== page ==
Hackers in your home - WCAX.COM Local Vermont News, Weather and Sports-

Hackers in your home

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You can buy refrigerators that order your groceries, beds that track your sleep, watches that turn into your car keys and personal assistants that will answer any questions you could possibly think of. Sure, they make our lives a whole lot easier, but what are we sacrificing for that convenience?

Jonathan Rajewski is really good at finding things online you probably wouldn't want him to see.

"I actually found someone's solar system. Their solar system connected to their home," said Rajewski.

He also found a live feed from a home security camera somewhere in Vermont.

"No username or password. It is literally exposed," said Rajewski.

If this cybersecurity expert can spy on you, he says so can burglars and cyberattackers, thanks to your smart devices.

"Which is frightening," said Rajewski. 

Alexa, the voice service that powers Echo, may seem harmless and even helpful.

"If you want that convenience there's a flipside to that. There is a potential security vulnerability with these devices and you have to be aware of that," said Rajewski. 

Think of these internet-connected gadgets as little computers constantly storing and processing information about you. You would never buy a house without a lock, so why not have the same security standards for the smart devices you plug into your home?

"It's scary. You don't really know if they're safe. You are trusting the company to make sure it's safe, trusting the company with your data," said Rajewski.

The bad guys out there waiting to attack are using you to commit crimes.

"It's a big problem," said Rajewski.

Here's how he says it works: they'll hack into a smart device like your internet baby monitor. It's easier to infiltrate than your computer. Once they break in, they not only control yours but the 1 million models just like it sold across the country. Those monitors become foot soldiers in a global army-for-hire programmed to attack enemy websites.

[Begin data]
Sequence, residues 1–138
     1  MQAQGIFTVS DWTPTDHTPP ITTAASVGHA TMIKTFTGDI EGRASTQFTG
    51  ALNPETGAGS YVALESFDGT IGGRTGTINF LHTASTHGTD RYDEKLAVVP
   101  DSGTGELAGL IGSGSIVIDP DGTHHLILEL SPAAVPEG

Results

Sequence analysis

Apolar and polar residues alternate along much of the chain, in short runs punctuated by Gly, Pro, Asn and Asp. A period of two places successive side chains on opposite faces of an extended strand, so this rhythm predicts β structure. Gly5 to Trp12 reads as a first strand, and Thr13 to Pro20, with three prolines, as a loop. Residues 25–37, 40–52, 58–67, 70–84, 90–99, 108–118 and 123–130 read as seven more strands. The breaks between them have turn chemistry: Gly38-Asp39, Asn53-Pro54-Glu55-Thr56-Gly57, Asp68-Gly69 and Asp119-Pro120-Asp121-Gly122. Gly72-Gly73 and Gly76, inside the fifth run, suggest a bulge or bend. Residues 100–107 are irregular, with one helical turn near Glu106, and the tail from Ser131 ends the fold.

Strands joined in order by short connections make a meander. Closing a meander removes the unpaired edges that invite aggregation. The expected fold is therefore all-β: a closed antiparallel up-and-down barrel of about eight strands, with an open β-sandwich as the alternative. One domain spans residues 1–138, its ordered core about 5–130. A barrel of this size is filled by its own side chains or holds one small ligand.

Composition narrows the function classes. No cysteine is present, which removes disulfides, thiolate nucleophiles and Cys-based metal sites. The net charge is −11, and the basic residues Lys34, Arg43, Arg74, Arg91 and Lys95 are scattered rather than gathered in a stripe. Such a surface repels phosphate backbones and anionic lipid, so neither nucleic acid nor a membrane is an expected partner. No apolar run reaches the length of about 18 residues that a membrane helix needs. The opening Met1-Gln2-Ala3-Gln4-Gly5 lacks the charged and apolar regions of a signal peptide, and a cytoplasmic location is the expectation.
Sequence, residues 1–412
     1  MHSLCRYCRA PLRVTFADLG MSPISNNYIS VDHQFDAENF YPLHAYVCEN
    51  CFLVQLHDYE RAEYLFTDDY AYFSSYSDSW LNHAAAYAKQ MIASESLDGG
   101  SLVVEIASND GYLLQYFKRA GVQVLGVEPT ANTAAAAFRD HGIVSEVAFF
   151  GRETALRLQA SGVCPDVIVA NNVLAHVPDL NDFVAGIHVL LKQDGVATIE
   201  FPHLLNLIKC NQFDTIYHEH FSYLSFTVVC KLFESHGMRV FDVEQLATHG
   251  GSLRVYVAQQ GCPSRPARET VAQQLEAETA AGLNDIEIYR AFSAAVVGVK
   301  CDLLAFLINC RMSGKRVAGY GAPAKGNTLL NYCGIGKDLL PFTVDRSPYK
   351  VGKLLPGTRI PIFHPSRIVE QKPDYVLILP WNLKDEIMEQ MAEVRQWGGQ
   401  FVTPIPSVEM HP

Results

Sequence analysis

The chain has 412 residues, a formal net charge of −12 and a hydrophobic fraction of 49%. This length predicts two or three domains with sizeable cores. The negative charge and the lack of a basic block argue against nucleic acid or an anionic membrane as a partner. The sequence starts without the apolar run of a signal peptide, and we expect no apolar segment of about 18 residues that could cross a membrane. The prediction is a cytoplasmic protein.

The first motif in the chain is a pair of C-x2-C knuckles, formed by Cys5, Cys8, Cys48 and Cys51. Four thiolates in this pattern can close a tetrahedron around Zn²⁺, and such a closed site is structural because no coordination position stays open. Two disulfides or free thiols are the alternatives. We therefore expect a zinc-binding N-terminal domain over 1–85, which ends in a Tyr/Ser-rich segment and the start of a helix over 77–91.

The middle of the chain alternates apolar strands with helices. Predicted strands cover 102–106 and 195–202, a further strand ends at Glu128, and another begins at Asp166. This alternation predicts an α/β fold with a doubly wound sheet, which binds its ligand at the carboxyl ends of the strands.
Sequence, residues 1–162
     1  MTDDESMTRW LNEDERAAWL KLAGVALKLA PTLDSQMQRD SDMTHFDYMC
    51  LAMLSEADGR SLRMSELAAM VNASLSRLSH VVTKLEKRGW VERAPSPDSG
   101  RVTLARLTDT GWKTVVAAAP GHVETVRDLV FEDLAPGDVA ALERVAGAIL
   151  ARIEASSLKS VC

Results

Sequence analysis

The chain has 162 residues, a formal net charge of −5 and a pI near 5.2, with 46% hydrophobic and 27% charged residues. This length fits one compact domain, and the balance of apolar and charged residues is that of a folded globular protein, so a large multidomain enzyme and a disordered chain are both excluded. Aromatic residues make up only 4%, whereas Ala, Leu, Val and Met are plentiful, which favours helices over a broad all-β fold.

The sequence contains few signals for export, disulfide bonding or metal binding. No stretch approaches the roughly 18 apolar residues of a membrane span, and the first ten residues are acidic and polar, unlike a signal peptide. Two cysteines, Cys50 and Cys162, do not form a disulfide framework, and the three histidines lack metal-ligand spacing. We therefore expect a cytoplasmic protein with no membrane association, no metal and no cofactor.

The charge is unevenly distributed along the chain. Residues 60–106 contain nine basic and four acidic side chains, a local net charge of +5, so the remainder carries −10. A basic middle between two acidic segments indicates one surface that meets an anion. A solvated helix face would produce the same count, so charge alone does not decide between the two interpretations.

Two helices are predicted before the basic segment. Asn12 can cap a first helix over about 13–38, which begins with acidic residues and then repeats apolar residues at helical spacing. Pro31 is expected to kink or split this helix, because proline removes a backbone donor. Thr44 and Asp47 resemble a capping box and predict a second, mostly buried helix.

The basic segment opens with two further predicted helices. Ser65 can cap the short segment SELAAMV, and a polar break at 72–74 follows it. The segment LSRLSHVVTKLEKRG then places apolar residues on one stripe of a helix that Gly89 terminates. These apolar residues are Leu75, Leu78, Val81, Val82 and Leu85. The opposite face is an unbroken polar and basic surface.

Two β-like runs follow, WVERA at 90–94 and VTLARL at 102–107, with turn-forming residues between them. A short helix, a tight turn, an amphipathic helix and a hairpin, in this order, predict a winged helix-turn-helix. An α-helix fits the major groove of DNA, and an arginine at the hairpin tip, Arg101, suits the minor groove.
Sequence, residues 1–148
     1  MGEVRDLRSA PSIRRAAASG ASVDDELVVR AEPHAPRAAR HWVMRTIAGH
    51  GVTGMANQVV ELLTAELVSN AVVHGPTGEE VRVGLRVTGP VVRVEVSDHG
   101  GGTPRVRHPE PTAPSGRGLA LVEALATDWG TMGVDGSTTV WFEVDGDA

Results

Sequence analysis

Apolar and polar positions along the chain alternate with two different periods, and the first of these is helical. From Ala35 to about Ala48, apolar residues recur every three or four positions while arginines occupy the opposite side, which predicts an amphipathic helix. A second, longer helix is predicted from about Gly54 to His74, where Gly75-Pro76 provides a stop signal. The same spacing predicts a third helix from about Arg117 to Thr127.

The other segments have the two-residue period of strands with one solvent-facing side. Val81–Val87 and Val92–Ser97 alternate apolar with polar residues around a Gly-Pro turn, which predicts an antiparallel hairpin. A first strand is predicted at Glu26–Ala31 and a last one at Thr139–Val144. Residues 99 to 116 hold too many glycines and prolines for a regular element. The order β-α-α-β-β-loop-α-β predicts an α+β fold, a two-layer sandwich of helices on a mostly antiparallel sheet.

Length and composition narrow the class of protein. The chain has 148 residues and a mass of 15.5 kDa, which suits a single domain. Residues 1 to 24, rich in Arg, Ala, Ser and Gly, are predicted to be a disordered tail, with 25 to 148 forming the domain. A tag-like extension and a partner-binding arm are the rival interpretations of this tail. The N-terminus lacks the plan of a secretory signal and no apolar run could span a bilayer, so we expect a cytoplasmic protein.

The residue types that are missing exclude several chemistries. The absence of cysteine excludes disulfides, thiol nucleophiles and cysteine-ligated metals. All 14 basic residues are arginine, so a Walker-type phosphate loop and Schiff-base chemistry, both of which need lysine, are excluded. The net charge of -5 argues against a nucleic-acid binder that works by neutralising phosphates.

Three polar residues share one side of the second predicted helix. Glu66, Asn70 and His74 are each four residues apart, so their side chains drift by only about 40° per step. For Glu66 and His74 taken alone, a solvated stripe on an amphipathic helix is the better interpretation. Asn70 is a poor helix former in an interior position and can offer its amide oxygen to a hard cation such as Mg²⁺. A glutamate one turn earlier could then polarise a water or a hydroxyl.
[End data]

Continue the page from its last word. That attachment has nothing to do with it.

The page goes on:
"If someone can compromise all of them and then sell it to the highest bidder, that's how they make their money," said Rajewski. 

The attackers can use these hijacked smart devices to slow down or shut down websites, sometimes even disabling the pay functions. Corporations are common targets. Twitter and Netflix have both been hit. Once an attack is launched, it's nearly impossible to stop. And you would never even know your device is fighting for the bad guys.

So how would my smart devices stand up to Rajewski's skills?

"It looks like you have a device that has an open port," said Rajewski. 

And if it still has the manufacturer's password, you're in trouble.

Rajewski: And if someone can find it, which is typically just a Google search away, someone could log into this device. 

Reporter Jenifer Costa: That's not good.

Rajewski: No. 

Experts say the best safeguard is ditching your smart devices. But let's admit it, we're addicted to these things. So if you have them, secure them.

Experts say short of tossing all your beloved gadgets in the trash, you can protect your privacy and personal information if you:

  • Buy reputable brands that have been security tested.
  • Avoid devices sold on crowdfunding websites.
  • Change default usernames and passwords.
  • Use pass phrases over passwords.
  • Always update your smart device apps.
  • Consider replacing old devices-- experts say those are the most vulnerable to attack.
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